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Ignore Workplace Complaints At Your Own Peril: Employer Pays Dearly For Supervisor’s Abuse in Constructive Dismissal Claim

We often use this space to highlight what employers should do.  However, this week’s blog is about as clear-cut an example of what not to do as an employer as you might ever find.  In Osmani v. Universal Structural Restorations Ltd., the employer allowed an abusive supervisor to exploit and demean a vulnerable employee, and repeatedly ignored the employee’s complaints.  Accordingly, while the actions of the supervisor were found to be egregious enough to sustain damages against the supervisor personally, the employer’s refusal to do anything, as well as its own conduct, led to significant damages being awarded against the company.

The plaintiff in this lawsuit, an immigrant, was initially hired with the employer “off the books” on the recommendation of his supervisor, and eventually was sponsored for his work permit by the employer.  The Court found that the supervisor consistently and repeatedly abused the plaintiff verbally, including insults about his Albanian heritage.  The Court further found that the supervisor had committed the tort of battery when he punched the plaintiff in the testicle which eventually led to having to have an injured testicle removed.  These findings led to damages being awarded personally against the supervisor.

The Court also found, however, that despite the plaintiff advising the employer about the testicle incident and others, the employer did not investigate, discipline or otherwise address the supervisor’s mistreatment of the plaintiff.  The Trial Justice determined:

“Having considered the evidence in context with the submissions of counsel, I am satisfied that the plaintiff was constructively dismissed by the employer. In other words, I am satisfied that viewed objectively a reasonable person in the plaintiff’s position would conclude that the employer did not intend to be bound by the employment contract by making the employee’s continued employment intolerable. I reach this conclusion for the following reasons:

a.   the employer engaged in a series of acts that poisoned the workplace and undermined the employee/employer relationship. These acts include: failing to respond to the plaintiff’s repeated complaints about the supervisor’s conduct, which the employer knew involved a strike to the testicles as well as verbal abuse; failing to conduct any investigation into and/or discipline of the supervisor, failing to separate the plaintiff and the supervisor for anything more than a short “happenstance” period of time.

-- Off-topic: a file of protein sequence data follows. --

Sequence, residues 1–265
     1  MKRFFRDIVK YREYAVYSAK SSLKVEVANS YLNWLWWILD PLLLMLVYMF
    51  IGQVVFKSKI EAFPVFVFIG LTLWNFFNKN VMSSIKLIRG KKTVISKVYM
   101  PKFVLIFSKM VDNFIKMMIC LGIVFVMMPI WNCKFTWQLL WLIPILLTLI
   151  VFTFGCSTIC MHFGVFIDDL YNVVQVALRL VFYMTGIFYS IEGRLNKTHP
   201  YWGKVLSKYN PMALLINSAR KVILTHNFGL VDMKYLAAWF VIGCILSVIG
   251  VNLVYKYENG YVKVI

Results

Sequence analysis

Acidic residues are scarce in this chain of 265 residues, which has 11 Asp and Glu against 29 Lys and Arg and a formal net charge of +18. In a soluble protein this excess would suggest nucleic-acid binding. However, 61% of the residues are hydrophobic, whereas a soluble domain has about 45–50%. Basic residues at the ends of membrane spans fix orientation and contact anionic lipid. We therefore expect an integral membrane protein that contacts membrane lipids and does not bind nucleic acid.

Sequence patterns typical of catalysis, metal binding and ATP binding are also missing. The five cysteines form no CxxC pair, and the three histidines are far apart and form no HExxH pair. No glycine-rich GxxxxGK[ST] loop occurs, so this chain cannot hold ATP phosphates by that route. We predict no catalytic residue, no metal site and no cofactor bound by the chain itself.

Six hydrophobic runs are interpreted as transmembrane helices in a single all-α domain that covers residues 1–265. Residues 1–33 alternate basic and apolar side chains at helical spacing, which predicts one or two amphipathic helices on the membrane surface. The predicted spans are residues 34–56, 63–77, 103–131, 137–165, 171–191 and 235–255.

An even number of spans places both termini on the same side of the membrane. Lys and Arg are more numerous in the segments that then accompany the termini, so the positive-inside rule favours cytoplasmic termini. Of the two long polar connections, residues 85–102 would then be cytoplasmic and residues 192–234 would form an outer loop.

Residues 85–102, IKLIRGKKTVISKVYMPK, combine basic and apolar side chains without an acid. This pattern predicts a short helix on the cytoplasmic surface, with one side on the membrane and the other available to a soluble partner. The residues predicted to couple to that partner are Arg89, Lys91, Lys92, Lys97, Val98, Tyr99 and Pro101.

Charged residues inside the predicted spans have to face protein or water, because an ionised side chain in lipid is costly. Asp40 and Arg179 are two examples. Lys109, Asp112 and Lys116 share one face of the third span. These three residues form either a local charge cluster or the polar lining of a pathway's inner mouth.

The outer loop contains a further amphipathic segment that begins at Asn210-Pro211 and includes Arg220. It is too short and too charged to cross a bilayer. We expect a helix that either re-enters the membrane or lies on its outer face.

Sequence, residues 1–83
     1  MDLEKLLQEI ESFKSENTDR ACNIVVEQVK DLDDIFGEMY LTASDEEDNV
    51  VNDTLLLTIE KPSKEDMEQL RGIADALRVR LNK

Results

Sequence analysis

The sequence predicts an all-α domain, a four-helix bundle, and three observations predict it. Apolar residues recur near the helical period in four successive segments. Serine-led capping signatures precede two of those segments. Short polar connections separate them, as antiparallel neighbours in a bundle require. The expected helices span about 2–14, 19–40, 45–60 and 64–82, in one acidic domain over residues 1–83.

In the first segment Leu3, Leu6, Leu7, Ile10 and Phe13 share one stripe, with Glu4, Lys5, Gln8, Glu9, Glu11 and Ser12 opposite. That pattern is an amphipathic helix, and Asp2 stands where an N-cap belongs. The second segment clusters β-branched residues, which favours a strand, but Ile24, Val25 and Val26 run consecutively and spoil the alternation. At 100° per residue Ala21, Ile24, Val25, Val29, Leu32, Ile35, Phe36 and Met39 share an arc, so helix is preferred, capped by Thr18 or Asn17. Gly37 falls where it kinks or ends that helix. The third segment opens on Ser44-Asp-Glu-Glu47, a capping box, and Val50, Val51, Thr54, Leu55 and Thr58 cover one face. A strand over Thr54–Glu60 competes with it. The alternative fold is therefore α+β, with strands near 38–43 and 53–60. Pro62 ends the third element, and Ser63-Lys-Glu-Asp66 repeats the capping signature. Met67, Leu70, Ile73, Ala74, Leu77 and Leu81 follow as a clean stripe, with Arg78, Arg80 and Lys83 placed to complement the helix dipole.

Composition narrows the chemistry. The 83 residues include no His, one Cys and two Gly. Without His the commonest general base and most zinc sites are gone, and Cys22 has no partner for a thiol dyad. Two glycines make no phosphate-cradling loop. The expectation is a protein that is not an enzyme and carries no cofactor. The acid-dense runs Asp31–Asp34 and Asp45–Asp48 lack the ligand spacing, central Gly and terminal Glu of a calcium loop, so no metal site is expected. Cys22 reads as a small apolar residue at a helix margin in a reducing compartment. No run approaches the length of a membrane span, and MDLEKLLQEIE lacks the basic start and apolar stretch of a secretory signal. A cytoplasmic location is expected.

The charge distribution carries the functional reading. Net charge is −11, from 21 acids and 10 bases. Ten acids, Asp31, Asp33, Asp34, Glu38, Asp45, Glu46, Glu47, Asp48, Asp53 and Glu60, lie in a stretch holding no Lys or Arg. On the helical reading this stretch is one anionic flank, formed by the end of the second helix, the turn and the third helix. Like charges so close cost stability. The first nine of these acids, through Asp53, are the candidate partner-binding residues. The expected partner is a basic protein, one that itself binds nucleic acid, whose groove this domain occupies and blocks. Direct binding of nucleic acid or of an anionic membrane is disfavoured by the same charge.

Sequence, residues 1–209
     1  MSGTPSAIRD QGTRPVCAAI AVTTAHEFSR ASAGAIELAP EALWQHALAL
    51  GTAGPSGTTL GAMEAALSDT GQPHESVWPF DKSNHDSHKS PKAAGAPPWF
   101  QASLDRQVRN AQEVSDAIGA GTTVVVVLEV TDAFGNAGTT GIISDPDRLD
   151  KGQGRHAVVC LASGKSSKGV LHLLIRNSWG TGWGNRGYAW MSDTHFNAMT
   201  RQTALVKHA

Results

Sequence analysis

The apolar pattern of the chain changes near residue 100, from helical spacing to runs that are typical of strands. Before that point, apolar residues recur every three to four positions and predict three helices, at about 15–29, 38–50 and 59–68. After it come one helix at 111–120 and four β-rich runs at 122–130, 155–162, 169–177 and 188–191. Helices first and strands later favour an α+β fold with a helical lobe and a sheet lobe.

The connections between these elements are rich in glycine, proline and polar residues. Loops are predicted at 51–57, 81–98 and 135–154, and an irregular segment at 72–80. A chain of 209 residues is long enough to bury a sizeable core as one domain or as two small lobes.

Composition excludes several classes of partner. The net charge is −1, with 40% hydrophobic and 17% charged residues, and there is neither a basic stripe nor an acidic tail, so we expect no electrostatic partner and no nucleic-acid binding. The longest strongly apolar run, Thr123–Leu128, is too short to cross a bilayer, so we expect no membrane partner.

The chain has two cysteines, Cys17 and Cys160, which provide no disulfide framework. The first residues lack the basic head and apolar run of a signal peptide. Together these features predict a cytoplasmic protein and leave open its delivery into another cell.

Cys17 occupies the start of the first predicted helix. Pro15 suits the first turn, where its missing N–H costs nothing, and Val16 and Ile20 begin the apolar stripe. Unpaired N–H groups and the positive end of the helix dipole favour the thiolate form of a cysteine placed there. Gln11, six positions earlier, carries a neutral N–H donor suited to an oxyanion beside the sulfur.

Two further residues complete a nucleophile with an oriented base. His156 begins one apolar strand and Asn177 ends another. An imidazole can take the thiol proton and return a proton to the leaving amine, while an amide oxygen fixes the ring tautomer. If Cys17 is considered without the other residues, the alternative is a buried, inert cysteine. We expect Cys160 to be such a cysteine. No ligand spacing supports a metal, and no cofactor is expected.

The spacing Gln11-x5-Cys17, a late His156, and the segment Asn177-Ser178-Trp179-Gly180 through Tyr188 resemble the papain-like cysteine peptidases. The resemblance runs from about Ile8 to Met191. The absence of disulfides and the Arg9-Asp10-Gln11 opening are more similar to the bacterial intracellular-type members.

b.   In addition, when the plaintiff fell from the ladder and was injured, the employer crafted a false narrative that sought to place blame on the plaintiff for the workplace accident. It also dissuaded him from pursuing a WSIB claim and used the supervisor as its intermediary to accomplish this end.

c.   Once the plaintiff returned to work, he was eventually placed back with the supervisor. He was also made to perform duties outside his capabilities and had his WSIB claim prematurely terminated resulting in the loss of his wage top-up.”

The Court also determined that the failure of the employer to conduct an appropriate investigation into the supervisor’s harassing and abusive behaviour – behaviour which was known to the employer to have been allegedly related to the plaintiff’s Albanian heritage – constituted a breach of the Human Rights Code.

All told, the damages awarded by the Court for an employee employed less than four years included:

  1. $100,000 jointly and severally between the employer and supervisor for the tort of battery with general and aggravated damages;
  2. $10,000 jointly and severally between the employer and supervisor for the tort of assault;
  3. $25,000 for punitive damages against the supervisor personally;
  4. $50,000 for human rights damages against the employer;
  5. Four months’ wrongful dismissal damages, less mitigation against the employer;
  6. $75,000 for moral damages against the employer;
  7. $25,000 for punitive damages against the employer; and,
  8. $5,794 in unpaid wages against the employer.

As you can see, the Court certainly held the employer accountable for the way the plaintiff was treated at the hands of his supervisor.  While no employer can expect to be perfect, it is no small matter to end up where the employer ended up in this litigation.  If you have any questions about how or when to conduct a workplace investigation or to discipline an employee, contact the team at CCPartners.

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